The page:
The ACT is a college entrance exam taken by students (typically in their junior year of high school) to determine admission eligibility and merit-based scholarship eligibility. The test may be taken as many times as desired and is not limited to high school juniors. Originally the acronym stood for American College Testing, but now ACT is the stand-alone name. ACT prep is a way for students to strategically prepare for test-taking. ACT prep helps students improve scores, practice taking the test, learn test-taking strategies, and improve material comprehension. Students can get help with ACT prep tutors in one-on-one sessions, via group tutoring lessons, in online self-study programs, or online with a tutor in video calls. The ACT test covers:
- Science understanding and reasoning
- Writing essay (optional)
Your SAT prep strategy can mean the difference between a great score and a mediocre score, as well as the difference between being accepted to or rejected by your school of choice. The Scholastic Assessment Test (SAT) is a college entrance exam that measures a student’s knowledge and understanding of what they have learned up to this point in school and what they need to succeed in college. In addition to arming students with the knowledge they need to excel in the math, reading and writing components of the test, SAT prep can help improve scores by teaching students crucial strategies for taking the test itself. Professional SAT prep tutors can work with students one-on-one or in group sessions. Typically, tutors recommend that students who are comfortable and caught up with their regular schooling begin SAT prep at least three months before the test. If you’re targeting an elite school, six months before the test is a good time to begin. Students who are behind in school are advised to start early to ensure they’re caught up and feeling confident in all the relevant subjects. Suggestions for long-term SAT prep include taking challenging high school courses, completing all homework assignments, preparing for class tests and quizzes, and participating in class by asking and answering questions. There are free SAT prep training tools online; for those who’d like a one-on-one tutor to take them to the next level, the national average rate is $70 per hour.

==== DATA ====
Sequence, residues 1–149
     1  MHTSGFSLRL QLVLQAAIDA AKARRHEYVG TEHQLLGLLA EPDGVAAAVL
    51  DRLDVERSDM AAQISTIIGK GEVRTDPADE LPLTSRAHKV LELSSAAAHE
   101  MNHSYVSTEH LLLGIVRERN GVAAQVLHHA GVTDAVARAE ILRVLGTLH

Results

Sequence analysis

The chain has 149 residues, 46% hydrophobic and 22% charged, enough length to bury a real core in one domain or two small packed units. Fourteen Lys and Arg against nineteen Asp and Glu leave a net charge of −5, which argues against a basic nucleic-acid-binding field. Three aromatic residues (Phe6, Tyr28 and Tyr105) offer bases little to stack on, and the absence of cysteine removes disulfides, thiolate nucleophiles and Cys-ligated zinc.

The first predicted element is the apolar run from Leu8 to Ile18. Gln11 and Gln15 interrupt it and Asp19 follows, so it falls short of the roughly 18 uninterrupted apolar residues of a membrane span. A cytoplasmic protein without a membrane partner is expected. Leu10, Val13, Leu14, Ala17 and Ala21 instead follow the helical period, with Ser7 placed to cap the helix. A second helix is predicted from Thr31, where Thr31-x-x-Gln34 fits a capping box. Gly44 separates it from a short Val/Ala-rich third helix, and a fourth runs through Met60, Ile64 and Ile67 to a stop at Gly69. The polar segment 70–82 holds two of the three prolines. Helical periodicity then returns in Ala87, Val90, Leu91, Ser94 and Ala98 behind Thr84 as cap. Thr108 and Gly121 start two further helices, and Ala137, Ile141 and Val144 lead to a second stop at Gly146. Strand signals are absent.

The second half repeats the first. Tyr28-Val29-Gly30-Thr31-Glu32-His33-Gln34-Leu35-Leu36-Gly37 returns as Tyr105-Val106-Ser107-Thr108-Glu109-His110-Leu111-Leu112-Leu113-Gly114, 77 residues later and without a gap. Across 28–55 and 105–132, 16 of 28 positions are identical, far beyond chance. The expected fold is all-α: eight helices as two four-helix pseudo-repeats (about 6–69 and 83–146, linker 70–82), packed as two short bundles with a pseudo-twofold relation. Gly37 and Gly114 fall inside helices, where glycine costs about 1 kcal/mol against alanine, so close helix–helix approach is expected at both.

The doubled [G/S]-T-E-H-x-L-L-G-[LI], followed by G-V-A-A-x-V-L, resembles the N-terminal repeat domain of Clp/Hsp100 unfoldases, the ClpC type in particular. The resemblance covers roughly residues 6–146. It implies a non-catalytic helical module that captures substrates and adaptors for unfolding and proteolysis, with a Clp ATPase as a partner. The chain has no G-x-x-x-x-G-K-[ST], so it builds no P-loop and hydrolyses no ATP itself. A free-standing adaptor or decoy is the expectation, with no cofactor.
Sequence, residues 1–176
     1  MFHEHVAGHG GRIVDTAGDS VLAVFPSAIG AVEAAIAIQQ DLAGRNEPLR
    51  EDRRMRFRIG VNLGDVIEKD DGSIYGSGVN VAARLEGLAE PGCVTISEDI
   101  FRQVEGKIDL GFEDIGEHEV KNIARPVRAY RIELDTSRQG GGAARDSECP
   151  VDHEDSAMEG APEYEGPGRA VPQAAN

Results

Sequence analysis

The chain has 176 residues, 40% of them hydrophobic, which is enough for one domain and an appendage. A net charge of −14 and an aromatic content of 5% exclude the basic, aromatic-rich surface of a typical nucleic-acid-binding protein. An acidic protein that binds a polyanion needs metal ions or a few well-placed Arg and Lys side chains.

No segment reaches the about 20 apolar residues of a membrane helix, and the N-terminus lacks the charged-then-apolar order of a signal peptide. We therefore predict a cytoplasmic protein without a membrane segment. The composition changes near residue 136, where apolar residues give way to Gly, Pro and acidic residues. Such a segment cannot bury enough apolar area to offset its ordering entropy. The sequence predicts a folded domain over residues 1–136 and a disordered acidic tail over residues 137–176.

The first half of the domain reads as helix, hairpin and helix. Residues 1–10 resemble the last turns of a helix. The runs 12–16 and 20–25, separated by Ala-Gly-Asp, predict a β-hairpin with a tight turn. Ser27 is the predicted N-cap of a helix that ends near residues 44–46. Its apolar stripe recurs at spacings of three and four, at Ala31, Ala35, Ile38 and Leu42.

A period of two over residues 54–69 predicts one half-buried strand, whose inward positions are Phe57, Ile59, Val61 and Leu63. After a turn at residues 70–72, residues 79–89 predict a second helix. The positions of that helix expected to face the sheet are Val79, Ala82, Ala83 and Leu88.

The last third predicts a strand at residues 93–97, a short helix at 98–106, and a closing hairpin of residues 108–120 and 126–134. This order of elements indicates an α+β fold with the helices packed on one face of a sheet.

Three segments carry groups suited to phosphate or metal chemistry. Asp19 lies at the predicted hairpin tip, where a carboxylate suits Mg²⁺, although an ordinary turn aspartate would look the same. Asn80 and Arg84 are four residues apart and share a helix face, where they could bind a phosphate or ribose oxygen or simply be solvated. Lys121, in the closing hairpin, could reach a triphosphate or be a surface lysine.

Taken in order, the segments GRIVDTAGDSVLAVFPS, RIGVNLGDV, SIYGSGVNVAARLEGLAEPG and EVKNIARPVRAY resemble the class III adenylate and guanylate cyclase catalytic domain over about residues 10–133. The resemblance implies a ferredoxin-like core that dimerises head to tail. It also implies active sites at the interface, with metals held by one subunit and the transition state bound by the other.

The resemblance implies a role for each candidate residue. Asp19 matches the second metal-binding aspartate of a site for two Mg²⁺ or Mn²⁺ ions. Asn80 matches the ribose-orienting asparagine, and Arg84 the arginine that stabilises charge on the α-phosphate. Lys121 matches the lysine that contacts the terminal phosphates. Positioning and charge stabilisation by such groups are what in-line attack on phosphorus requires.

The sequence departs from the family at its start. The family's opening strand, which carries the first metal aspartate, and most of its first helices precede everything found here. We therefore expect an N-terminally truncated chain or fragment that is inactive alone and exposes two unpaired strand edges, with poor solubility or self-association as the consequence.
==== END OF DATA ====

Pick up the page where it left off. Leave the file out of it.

Math home tutors are available for any age student, from elementary school to postgraduate studies. Rates will vary based on the tutor’s background, education and experience. To find a good math tutor, first determine your learning goals. Do you need help understanding and completing homework assignments? Are you preparing for the math portion of a standardized test? Next, read reviews from current and former students. Find someone with proven success helping students achieve their goals. If you want help on an ongoing basis, decide what your budget is and identify the tutors who fall within your range. Ask if there are additional fees for travel, as some home math tutors include travel costs in their rates and others charge extra. Ask about session length and the tutor’s teaching style, and whether they also offer online sessions or group sessions. Finally, schedule a single session with each of the math tutors you think are best to see who is the best fit.